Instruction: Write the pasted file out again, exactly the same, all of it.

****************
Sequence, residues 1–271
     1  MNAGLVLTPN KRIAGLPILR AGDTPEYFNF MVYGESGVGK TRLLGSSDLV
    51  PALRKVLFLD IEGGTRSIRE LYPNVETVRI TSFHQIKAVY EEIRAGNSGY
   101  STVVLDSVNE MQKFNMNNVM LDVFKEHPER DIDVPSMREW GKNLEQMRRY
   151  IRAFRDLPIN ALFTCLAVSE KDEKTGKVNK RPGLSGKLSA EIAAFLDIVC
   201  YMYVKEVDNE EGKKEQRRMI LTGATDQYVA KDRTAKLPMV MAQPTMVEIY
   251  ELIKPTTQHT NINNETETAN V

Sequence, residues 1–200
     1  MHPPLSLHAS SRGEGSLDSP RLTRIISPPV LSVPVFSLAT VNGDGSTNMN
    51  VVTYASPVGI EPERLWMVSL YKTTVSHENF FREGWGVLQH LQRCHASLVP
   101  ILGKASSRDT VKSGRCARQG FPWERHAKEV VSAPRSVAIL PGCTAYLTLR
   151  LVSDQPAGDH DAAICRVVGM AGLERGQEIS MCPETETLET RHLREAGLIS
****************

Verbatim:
Sequence, residues 1–271
     1  MNAGLVLTPN KRIAGLPILR AGDTPEYFNF MVYGESGVGK TRLLGSSDLV
    51  PALRKVLFLD IEGGTRSIRE LYPNVETVRI TSFHQIKAVY EEIRAGNSGY
   101  STVVLDSVNE MQKFNMNNVM LDVFKEHPER DIDVPSMREW GKNLEQMRRY
   151  IRAFRDLPIN ALFTCLAVSE KDEKTGKVNK RPGLSGKLSA EIAAFLDIVC
   201  YMYVKEVDNE EGKKEQRRMI LTGATDQYVA KDRTAKLPMV MAQPTMVEIY
   251  ELIKPTTQHT NINNETETAN V

Sequence, residues 1–200
     1  MHPPLSLHAS SRGEGSLDSP RLTRIISPPV LSVPVFSLAT VNGDGSTNMN
    51  VVTYASPVGI EPERLWMVSL YKTTVSHENF FREGWGVLQH LQRCHASLVP
   101  ILGKASSRDT VKSGRCARQG FPWERHAKEV VSAPRSVAIL PGCTAYLTLR
   151  LVSDQPAGDH DAAICRVVGM AGLERGQEIS MCPETETLET RHLREAGLIS